What a great gift to give to others… as well as to receive.

Just Pick One

Have you ever been overwhelmed by a large number of choices available to a decision you had to make?  I have.

I can remember, several years ago, when my wife Mickey and I trying to decide what color to paint some rooms in our house.  There were so many choices at the paint counter.  Who knew there were 10,000 shades of brown to choose from! We couldn’t decide which color would be “just perfect”, so we ultimately put off the decision until the following year, where we would again repeat the process for a few more years.

The same thing has happened in selecting travel destinations.  There are so many great places to go that Mickey and I, in the past, had a hard time picking a destination.  As a result, we’d put off a decision and wind up not going anywhere for the entire year.  We missed out on a lot of opportunities to travel and see new things as a result of the indecision caused by being overwhelmed with choices.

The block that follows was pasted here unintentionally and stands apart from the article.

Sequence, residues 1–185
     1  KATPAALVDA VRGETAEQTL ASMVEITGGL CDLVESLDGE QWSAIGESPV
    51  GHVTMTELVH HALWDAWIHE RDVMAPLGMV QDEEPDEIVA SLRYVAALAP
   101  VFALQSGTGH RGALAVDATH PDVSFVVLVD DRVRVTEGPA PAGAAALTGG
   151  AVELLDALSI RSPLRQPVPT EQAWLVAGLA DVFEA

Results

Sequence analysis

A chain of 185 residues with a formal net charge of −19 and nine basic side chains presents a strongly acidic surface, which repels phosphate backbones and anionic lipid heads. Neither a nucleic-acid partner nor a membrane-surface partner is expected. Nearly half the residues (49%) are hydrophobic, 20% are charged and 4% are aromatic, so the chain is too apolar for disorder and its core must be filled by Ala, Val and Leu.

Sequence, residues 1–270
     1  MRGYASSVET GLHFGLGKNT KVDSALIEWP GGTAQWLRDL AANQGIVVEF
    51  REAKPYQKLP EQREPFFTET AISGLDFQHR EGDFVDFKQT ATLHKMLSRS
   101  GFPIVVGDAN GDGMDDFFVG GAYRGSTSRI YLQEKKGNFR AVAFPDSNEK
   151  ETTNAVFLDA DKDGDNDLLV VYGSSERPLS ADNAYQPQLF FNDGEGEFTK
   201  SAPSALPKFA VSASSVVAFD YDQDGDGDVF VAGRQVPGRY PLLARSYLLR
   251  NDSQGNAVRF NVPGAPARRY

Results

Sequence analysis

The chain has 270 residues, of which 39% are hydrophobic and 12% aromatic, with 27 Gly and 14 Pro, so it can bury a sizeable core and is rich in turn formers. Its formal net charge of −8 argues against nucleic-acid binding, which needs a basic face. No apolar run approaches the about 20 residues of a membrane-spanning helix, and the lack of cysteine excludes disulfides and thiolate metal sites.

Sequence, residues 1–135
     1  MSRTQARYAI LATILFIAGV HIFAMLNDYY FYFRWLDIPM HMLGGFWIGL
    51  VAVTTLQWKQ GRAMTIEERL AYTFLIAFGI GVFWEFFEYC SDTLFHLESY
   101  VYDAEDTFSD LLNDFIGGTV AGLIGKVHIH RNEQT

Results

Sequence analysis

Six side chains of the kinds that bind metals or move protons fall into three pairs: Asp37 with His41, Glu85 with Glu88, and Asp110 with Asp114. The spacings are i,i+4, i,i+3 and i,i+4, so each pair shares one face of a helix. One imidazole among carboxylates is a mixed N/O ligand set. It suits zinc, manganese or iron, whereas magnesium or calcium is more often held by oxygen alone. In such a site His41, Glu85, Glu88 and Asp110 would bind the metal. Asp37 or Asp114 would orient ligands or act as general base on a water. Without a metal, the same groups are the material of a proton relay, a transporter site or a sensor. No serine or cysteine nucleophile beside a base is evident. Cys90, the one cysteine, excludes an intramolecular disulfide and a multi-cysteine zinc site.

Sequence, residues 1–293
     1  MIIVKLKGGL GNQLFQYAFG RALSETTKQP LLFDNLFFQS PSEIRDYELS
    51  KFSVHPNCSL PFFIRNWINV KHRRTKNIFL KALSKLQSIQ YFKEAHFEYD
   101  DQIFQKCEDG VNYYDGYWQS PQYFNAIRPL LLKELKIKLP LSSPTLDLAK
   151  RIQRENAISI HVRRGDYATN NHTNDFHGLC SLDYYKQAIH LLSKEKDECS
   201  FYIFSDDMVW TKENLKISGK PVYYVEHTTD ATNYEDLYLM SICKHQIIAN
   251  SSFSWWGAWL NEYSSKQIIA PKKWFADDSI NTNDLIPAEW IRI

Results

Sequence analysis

Here’s something I’ve learned through these experiences:  It doesn’t matter that you pick the “perfect” color or travel destination.  What matters is that you make a choice and move ahead.

It helps to realize that for a large majority of the choices we have to make:

  • There isn’t just one, single, perfect choice.
  • If we make a bad choice, we can always re-evaluate and make another choice later.
  • The most important thing is to make a decision and take action.

Is there a decision you need to make where you’re overwhelmed with a large number of potential choices?  If so, realize that there are likely several great choices you can make, versus only a single, perfect choice.  So make a choice and take action today.  You can always make a different choice later.  However, you’ll probably find that the choice you initially made was indeed a good one, if not great or even perfect.